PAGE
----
|Lai, Chao Qiang|
Submitted to: Nutrition Metabolism and Cardiovascular Disease
Publication Type: Peer Reviewed Journal
Publication Acceptance Date: 2/26/2009
Publication Date: 4/11/2009
Citation: Junyent, M., Arnett, D.A., Tsai, M.Y., Kabagambe, E.K., Straka, R.J., Province, M., An, P., Smith, C., Shen, J., Borecki, I., Parnell, L.D., Lai, C., Lee, Y., Ordovas, J.M. 2009. The effect of a novel intergenic polymorphism (rs11774572) on HDL cholesterol concentrations depends on the TaqIB polymorphism in the cholesterol ester transfer protein gene. Nutrition Metabolism and Cardiovascular Disease.20:34-40. Interpretive Summary: Blood plasma lipid levels are determined in part by genetic components and many different genetic loci affect lipoprotein metabolism in humans. Because genes and gene components interact and often work in concert, investigations of gene-gene interactions may provide additional predictive value and mechanistic insight into newly identified lipid related genes. The objective of this study was to ascertain whether three newly discovered genetic variants, which have recently been associated with blood lipid levels, interact in a genetic manner with the well characterized variant of the CETP gene, encoding the key enzyme in cholesterol metabolism, to affect blood lipid levels. These four genetic variants were assayed in 1002 Whites and blood lipids were measured by standard methods. Individuals carrying the C version of genetic variant rs11774572 significantly associated with lower HDL-cholesterol and higher triglyceride and insulin levels than persons carrying two copies of the T version. Furthermore, this genetic variant showed an interaction with a common variant of the CETP gene, which altered HDL-cholesterol, LDL and VLDL levels. In summary, genetic variant rs11774572 exerts influence on blood lipid regulation and insulin resistance, both important in metabolic syndrome. Importantly, this genetic variant, although mapping to a region of the human genome distinct from CETP, acts synergistically with a CETP variant to alter blood lipids.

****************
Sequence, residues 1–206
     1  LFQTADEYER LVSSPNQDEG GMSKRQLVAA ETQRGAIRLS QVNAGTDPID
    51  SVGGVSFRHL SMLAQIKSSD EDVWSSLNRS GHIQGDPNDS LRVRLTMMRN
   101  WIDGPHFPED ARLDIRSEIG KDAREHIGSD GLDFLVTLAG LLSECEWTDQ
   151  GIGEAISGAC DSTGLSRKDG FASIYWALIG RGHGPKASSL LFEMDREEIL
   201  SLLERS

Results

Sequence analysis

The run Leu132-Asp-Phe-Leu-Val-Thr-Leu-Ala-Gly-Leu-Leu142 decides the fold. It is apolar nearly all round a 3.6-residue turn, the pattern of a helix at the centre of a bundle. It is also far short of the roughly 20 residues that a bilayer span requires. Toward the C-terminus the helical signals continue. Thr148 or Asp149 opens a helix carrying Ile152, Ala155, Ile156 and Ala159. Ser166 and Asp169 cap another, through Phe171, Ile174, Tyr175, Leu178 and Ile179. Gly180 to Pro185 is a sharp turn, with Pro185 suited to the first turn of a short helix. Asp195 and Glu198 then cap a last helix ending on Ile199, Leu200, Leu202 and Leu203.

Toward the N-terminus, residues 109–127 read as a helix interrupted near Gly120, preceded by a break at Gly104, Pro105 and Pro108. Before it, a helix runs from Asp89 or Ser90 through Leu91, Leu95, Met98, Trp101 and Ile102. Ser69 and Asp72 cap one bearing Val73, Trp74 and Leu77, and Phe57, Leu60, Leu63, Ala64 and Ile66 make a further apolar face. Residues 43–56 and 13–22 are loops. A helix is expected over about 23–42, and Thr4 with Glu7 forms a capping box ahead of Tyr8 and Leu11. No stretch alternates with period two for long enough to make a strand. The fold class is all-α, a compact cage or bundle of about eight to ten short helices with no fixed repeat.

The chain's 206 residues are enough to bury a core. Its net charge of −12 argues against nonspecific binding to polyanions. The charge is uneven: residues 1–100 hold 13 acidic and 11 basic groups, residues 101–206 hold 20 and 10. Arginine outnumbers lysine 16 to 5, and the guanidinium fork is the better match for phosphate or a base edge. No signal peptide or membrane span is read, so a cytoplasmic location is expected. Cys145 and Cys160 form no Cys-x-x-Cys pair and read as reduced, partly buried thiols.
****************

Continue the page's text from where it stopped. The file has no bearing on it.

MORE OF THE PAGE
Technical Abstract: Background: Plasma lipid levels have a strong genetic component and many different loci, including those identified by genome-wide association studies, affect lipoprotein metabolism in humans. Hence, the study of gene-gene interactions may be useful to provide additional predictive value as well as mechanistic insight into newly identified lipid related loci. Objective: To test associations of three single nucleotide polymorphisms (SNPs) (rs11774572, rs7819412, and rs6995374) at novel lipid loci with the SNP rs708272 in the cholesterol ester transfer protein (CETP) gene, in determining blood lipid and metabolic syndrome (MetS) traits. Design - The aforementioned SNPs were genotyped in 1002 subjects who participated in the Genetics of Lipid Lowering Drugs and Diet Network (GOLDN) study. Lipids were measured by standard procedures and lipoprotein subfractions, by proton nuclear magnetic resonance spectroscopy. Results: Polymorphism rs11774572 was significantly associated with MetS (P=0.020), mainly driven by association of the C allele with lower HDL-C (P=0.043) and higher triglyceride (P=0.049) and insulin (P=0.040) concentrations than TT subjects. A significant interaction between SNPs rs11774572 and CETP-TaqIB was found for HDL-C (P=0.006), HDL (P=0.008) and LDL particle sizes (P=0.009), small LDL (P=0.004), and VLDL concentrations (P=0.021), in which TT homozygotes displayed higher HDL-C, HDL and LDL particle size, and lower small LDL and VLDL concentrations than C carriers, if they were CETP B2 allele carriers (P values ranging from <0.001 to 0.001). Conclusions: The rs11774572 polymorphism plays a key role in the dyslipidemia and insulin resistance that characterize MetS. The interaction between rs11774572 and CETP-TaqIB SNPs on HDL-C concentrations provides evidence that these variants function in concert to regulate blood lipid levels.